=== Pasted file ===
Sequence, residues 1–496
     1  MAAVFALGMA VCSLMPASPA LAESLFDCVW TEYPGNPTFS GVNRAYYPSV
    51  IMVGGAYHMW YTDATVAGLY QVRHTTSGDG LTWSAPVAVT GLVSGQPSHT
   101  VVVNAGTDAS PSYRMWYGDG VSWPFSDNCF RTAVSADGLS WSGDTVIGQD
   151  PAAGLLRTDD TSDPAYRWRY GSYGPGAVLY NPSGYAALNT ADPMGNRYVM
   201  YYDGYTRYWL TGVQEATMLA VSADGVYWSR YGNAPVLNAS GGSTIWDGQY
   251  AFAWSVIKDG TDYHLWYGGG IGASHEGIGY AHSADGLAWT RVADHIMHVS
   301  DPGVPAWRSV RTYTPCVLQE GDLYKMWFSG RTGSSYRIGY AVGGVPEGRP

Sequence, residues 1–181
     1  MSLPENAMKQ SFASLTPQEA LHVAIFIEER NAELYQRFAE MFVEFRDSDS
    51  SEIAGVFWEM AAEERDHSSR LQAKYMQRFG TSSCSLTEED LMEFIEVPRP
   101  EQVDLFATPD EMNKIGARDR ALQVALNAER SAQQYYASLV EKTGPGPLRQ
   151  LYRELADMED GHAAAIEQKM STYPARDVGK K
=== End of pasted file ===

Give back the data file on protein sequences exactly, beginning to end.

Sequence, residues 1–496
     1  MAAVFALGMA VCSLMPASPA LAESLFDCVW TEYPGNPTFS GVNRAYYPSV
    51  IMVGGAYHMW YTDATVAGLY QVRHTTSGDG LTWSAPVAVT GLVSGQPSHT
   101  VVVNAGTDAS PSYRMWYGDG VSWPFSDNCF RTAVSADGLS WSGDTVIGQD
   151  PAAGLLRTDD TSDPAYRWRY GSYGPGAVLY NPSGYAALNT ADPMGNRYVM
   201  YYDGYTRYWL TGVQEATMLA VSADGVYWSR YGNAPVLNAS GGSTIWDGQY
   251  AFAWSVIKDG TDYHLWYGGG IGASHEGIGY AHSADGLAWT RVADHIMHVS
   301  DPGVPAWRSV RTYTPCVLQE GDLYKMWFSG RTGSSYRIGY AVGGVPEGRP

Sequence, residues 1–181
     1  MSLPENAMKQ SFASLTPQEA LHVAIFIEER NAELYQRFAE MFVEFRDSDS
    51  SEIAGVFWEM AAEERDHSSR LQAKYMQRFG TSSCSLTEED LMEFIEVPRP
   101  EQVDLFATPD EMNKIGARDR ALQVALNAER SAQQYYASLV EKTGPGPLRQ
   151  LYRELADMED GHAAAIEQKM STYPARDVGK K